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Britain's most successful female Olympian has retired at 31, but how does the Family Court treat (early) retirement?

Dame Laura Kenny, Great Britain’s most successful female Olympian, has recently announced her retirement from cycling at the age of 31. With five Olympic gold medals and seven World Championship titles to her name, as well as many others, she has decided that now is the right time to hang up her bike and spend time with her family. Laura is married to fellow retired cyclist Jason Kenny and they have two young children. 

Most of us will be looking to retire in our mid to late 60s and up to that point enjoy a steady income from a salary. However, retiring at such a young age is of course common for professional athletes, and with this comes the likelihood of a vastly decreased income. While Laura and Jason Kenny are happily married, in the context of separating couples retirement can be an important factor in how a Court makes a financial decision. Current and future income or earning capacity is one of a number of statutory factors that the Court must take into account, and is of particular relevance when the Court is deciding whether to make an order for ongoing spousal maintenance. 

For most, this will be a fairly simple exercise, with earning capacity judged with reference to the parties’ careers and historical earnings, and the length of time until conventional retirement age. In some cases, however, it is clear that retirement (or a forced career change) may come much earlier in life, as is the case with professional athletes, and the Court will take that change in earning capacity into account when making a decision.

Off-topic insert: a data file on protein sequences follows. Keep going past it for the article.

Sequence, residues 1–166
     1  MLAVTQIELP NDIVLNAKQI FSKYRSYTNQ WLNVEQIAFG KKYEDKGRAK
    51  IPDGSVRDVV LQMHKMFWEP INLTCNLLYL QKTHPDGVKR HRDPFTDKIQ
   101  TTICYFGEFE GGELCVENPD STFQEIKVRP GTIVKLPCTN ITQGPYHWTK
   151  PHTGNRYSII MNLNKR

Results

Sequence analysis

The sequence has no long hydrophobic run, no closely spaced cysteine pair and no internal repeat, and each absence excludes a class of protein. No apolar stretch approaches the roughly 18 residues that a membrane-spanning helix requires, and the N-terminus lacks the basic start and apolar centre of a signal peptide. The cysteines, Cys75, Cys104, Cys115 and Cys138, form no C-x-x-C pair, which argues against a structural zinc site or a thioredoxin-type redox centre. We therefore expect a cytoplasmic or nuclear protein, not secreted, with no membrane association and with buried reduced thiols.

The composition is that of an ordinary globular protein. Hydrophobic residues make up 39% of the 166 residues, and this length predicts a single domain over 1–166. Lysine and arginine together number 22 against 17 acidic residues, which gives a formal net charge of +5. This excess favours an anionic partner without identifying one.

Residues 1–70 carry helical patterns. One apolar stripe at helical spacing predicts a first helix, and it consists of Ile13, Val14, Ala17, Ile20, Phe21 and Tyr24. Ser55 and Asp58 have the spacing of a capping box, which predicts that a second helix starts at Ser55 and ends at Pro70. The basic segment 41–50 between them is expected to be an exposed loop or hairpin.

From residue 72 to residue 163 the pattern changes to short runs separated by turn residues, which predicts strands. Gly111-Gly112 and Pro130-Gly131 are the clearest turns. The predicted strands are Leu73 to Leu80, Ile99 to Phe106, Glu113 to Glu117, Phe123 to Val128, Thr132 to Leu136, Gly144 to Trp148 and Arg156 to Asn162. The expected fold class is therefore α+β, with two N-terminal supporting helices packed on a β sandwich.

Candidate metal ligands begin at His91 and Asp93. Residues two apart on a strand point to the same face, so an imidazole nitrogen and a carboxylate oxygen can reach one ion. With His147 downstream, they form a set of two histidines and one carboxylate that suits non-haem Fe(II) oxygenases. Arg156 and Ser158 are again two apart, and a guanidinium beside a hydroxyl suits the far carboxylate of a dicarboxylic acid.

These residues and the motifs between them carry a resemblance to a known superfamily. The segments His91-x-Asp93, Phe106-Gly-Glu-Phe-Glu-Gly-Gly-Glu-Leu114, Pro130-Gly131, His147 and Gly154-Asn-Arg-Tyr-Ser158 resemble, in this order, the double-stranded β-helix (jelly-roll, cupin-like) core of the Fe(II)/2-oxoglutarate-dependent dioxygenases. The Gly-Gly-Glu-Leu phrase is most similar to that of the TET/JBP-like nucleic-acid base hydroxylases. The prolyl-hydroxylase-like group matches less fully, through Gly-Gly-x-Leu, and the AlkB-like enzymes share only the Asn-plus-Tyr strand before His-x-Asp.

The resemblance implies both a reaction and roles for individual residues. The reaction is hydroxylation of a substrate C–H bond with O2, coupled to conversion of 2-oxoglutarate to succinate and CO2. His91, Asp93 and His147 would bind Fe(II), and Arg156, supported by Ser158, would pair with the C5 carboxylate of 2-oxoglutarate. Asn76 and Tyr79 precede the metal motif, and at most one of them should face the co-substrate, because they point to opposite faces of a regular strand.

As ever, there are then a number of grey areas – a common example being an extremely high earner in a very pressurised job. Is it reasonable to expect a hedge fund manager or a CEO to continue working in that role until their twilight years (or effectively require that by making an order predicated on such an earning capacity)? This is an issue that the Courts are having to grapple with more and more frequently, especially as issues such as mental health, burnout, work life balance and flexible/part time working gather greater importance in the workplace and in society more widely. As maintenance orders are variable (e.g. if circumstances change), Courts may be more inclined to assume continued earnings on the basis that if the circumstances change materially, the maintenance can be revisited at that point.  

What the Court is unlikely to tolerate, however, is a high earner claiming they will quit (or actually quitting) their career in the immediate context of financial proceedings, in order to supress their income and avoid a maintenance award. A surprising number of litigants come up with this particular ruse and are often unpleasantly surprised when they find out how a Court is likely to react. Absent an evidenced justification to the contrary, a Court is very likely to assume that the individual in question will continue to earn at that level in future and will make an order on that basis, in the same way that a Court may assume that a non-working spouse will in due course re-enter the workplace and start earning an income. 

As workplace habits and expectations change, the issue of earning capacity and retirement are likely to be an issue with which the Court must grapple more and more. 

"I always knew deep down I would know when the right time was"

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